Now, that’s not to say you’re going to feel comfortable all the time. Because every now and then, you may have to tackle some uncomfortable money topics or conversations with your advisor.

But when working with them, you should feel heard and at ease to ask questions. 

3. You’re not getting the personalized advice you need

Financial planning is dynamic. Is your financial advisor able to keep up with your changing needs and tailor their strategies for you accordingly? 

Not all financial advisors are created equal. They come with different specializations and expertise. For instance, some may only specialize in buying, selling or trading investments. (And perhaps that was all you needed when you first hired your advisor.) 

But if your needs have become more sophisticated and you want more personalized advice – say, someone with tax planning know-how or impact investing experience, then maybe it’s time to consider a new advisor who has the expertise you’re looking for. 

4. They’re charging high fees, but you’re not getting much value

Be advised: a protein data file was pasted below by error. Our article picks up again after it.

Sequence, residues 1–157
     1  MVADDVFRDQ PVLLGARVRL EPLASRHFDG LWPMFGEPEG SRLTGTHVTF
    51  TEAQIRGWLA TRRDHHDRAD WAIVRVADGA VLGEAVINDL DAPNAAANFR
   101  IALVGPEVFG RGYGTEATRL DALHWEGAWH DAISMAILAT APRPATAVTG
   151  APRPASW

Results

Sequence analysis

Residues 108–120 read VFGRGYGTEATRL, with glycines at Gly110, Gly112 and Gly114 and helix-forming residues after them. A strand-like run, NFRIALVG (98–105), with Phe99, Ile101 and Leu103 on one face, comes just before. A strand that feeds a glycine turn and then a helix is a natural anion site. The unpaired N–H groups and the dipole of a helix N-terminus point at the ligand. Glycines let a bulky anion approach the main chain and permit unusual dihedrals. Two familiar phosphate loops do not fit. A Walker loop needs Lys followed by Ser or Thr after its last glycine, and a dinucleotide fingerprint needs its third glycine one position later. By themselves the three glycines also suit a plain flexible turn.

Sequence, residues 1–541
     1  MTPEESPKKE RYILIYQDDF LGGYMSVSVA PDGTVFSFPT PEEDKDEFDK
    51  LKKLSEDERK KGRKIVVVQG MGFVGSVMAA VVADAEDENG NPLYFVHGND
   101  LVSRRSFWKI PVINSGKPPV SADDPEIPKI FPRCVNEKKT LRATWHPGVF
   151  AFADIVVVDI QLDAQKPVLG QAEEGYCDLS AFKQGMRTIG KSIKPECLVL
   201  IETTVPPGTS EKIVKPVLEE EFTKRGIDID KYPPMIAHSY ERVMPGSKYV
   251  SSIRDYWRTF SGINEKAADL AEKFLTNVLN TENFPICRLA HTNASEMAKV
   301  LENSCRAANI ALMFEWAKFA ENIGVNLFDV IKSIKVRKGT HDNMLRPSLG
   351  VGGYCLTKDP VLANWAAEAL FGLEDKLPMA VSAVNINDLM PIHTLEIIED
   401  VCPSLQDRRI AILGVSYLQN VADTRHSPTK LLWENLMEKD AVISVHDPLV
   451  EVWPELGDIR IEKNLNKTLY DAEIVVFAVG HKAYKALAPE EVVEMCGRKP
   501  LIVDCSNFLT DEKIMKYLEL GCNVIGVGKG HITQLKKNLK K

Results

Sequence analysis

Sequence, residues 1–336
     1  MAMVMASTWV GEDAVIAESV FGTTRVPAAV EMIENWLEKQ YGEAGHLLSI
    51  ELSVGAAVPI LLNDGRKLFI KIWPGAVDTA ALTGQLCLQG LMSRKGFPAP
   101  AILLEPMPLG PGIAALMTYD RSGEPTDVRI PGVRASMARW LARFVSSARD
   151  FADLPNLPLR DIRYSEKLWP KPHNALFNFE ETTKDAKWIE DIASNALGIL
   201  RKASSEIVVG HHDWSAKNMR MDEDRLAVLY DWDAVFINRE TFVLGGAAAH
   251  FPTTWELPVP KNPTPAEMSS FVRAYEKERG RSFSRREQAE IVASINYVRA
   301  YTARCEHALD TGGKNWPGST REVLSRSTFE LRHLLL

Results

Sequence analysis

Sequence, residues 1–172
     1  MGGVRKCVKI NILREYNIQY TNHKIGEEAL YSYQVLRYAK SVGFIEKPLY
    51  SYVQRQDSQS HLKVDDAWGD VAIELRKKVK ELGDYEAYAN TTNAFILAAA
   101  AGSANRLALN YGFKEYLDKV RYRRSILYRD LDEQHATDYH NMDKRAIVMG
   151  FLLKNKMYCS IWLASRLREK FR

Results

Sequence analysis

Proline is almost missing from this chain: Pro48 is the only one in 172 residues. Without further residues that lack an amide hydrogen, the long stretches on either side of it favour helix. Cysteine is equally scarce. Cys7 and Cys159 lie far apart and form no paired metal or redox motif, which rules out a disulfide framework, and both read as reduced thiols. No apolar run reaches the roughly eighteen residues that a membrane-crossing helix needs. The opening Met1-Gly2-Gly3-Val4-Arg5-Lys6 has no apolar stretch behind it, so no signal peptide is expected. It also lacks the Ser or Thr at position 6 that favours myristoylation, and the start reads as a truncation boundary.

How much are you paying your advisor? Check your statements and ask yourself whether the value of their advice and service is worth the fee. You may want to do some comparison shopping.  

Fee structures for advisors can vary, depending on the advisor and the services they provide. Some are fee-only; others work on a commission. Some may charge a flat rate or go by the hour.  

Generally speaking, the fee for a financial advisor can typically run between 1-2 % per year of assets under management. 

For those who charge hourly rates, they can land anywhere between $120 to $300 depending on the advisor, complexity of the service and where you live (for more details, visit  

How to change financial advisors